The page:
Cut Knurling Tool Final Assembly

This entry is part 8 of 8 in the series Cut Knurling Tool

Final Assembly

assembly1I began the final assembly with the fitting of the levers. First the height adjust lock lever was installed and a measurement was taken for a test shim. I added an extra 0.01″ to account for the fact that the lever was not tightened at this point. A quick test shim was made without the locking lip.

assembly2The test shim was installed and the lever tightened as shown in the photo. I want the tightened lever to be approximately parallel with the shank and based on this photo it should turn about 135° more.

assembly3The test shim was removed and measured at 0.0963″. So the amount to be removed from the shim is the number of turns * the pitch of the screw: 135/360 / 28 = 0.0134″

That gave me an adjusted washer thickness of 0.083″. A new blank for the locking lever washer, Detail 16, was then turned with an overall thickness of 0.083″ + 0.031″ for the anti-rotation tab.

assembly4To finish the locking lever washer, I bored a ø0.375″ hole 0.083″ deep in my soft jaws on the mill. The jaws were clamped on a small piece of strapping to keep them slightly apart for this operation.

assembly5The locking lever washer blank was then clamped in the pocket and the anti-rotation tab was milled 0.031″ deep leaving the washer portion 0.083″ thick.

assembly6Here is the lever in its final locked position.

assembly7Next, the spindles were temporarily inserted, and the bottom cotter and the lengthened top cotter were installed with the height locking screw. I wanted the lock and unlocked positions for this lever to be located above the body with the full lock position to be with the right side of the lever aligned with the upper right corner of the body block. Based on this image, I need to rotate the lever an additional 142°.

assembly8Using the same math as before, I removed 142/360 / 28 = 0.0141″ from the end of the top cotter. I chose not to add the coping cut at the top of the cotter as I felt that it was mostly hidden by the lever and the reduced bearing surface could cause early failure.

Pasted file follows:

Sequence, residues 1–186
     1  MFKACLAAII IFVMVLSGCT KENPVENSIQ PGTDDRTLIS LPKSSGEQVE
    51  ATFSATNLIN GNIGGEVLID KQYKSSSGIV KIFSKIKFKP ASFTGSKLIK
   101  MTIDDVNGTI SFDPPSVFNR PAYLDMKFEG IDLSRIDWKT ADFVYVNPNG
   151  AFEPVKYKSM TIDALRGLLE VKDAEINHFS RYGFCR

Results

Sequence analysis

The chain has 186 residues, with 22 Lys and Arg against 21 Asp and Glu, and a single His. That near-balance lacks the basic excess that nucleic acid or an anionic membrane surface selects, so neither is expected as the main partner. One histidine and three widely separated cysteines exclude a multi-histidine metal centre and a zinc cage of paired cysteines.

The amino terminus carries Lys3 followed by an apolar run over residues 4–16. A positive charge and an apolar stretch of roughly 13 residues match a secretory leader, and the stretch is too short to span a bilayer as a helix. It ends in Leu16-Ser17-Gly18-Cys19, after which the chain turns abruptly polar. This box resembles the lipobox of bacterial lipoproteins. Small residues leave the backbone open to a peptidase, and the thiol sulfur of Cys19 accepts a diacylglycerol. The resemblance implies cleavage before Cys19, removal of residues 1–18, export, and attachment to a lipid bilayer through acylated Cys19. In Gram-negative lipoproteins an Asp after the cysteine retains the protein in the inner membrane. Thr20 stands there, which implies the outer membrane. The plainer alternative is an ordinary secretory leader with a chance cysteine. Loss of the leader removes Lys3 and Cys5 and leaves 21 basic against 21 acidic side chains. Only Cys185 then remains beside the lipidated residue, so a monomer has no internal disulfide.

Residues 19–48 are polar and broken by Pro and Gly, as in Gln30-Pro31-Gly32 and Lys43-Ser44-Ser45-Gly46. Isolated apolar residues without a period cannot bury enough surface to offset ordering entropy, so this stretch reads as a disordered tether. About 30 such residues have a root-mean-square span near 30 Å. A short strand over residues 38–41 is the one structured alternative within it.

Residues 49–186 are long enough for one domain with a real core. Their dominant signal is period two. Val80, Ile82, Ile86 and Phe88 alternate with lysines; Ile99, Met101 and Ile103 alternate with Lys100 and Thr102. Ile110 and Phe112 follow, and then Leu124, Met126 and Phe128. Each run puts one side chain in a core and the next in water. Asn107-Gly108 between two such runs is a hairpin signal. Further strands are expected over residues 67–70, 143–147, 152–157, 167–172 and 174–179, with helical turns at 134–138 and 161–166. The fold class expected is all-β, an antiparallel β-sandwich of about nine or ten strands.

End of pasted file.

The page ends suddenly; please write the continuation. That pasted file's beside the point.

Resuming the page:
assembly9Here is the cotter locking lever in its final locked position.

At this point, I temporarily assembled the knurler with some temporary knobs so that I could use it to knurl details 12 and 21. Here, I’m starting on Detail 12, the Height Screw Knob.

assembly10The diameter is 5/16″ nominal and this was adjusted based on the knurls I was using. The circumference of the nominal size would be 0.3125″ * π = 0.98175″. This length using 40LPI knurls would produce 0.91875″ * 40 = 39.2699 lines. Therefore, to get rid of any partial knurl lines the diameter should be adjusted to: 39 / 40 / π = 0.310″. Many say this adjustment is not needed when knurling but it takes only seconds to calculate and it certainly can’t hurt.

assembly11The end shoulder is turned and the oval top hand filed. The knob is then parted off and faced to the finished length.

assembly12The bottom shoulder was turned and then the end was center drilled in preparation for drilling the shaft hole.

assembly13The shaft hole was drilled and reamed 5/32″ to fit the height adjustment screw.

assembly14Finally the knob was tapped #3-48 for the socket head set screw to lock it in place.

assembly15Next, I rough turned the OD for the Spindle Adjustment Knob, Detail 21. The knurled portion is specified as 0.625″ but again I adjusted this based on my 40 LPI knurls. The actual diameter I turned was 78 / 40 / π = 0.621″

assembly16Here’s the actual knurling taking place. I was really impressed with the quality of the knurls produced with this took given that the material was hardened 17-4 stainless.

assembly17Here the end embellishment was roughed by hand with a facing tool, the filed and sanded smooth. The rest of the knob was finished much in the same way as the previous one.

assembly20To start the final assembly, a small amount of lithium grease was applied to the spindle housings before they were inserted into the body.

assembly21The cotters were assembled with O-rings at the bottom of the cotter bores. These will act as springs and push the cotters off the housings when the clamp lever is loosened.

assembly22To time the gearing correctly, the spindles were positioned flat with the tool body on a true surface, and the locking cotters were securely tightened.

assembly23This is another view of the spindle positioning operation.

assembly24With the spindles locked, the large and small gears were lubricated with lithium grease and meshed in place.

assembly25With all of the gears in mesh, and the spindles locked, two #6-32 SHCS to retain the large gears were inserted and tightened.

assembly26The end cover was installed and the spindle adjustment knob was attached using a piece of paper to provide operating clearance.

assembly27The height lock lever and washer were installed in the tool holder arm with a small amount on anti-seize since both pieces are stainless steel.

assembly28The height adjustment screw and nut are lubricated and inserted in the tool holder head.

assembly31The tool holder body and arm dovetails are mated and the height adjustment knob is locked on the adjustment shaft.


A few shots of the finished cut knurling tool.


Every good tool deserves a nice fitted wooden case don’t you think?

box_closedFinished Knurling Tool in Custom Box

Disclaimer and License

All material, including the CAD drawings, relating to the construction of the Cut Knurling Tool presented on this site is free to use any way you see fit. However, no guarantees are made regarding the accuracy or correctness of the material presented here.

(CAD drawings are in SolidWorks 2013 Format)

Cut Knurling Tool 22.2 MB zip

Wooden Box 1.42 MB zip




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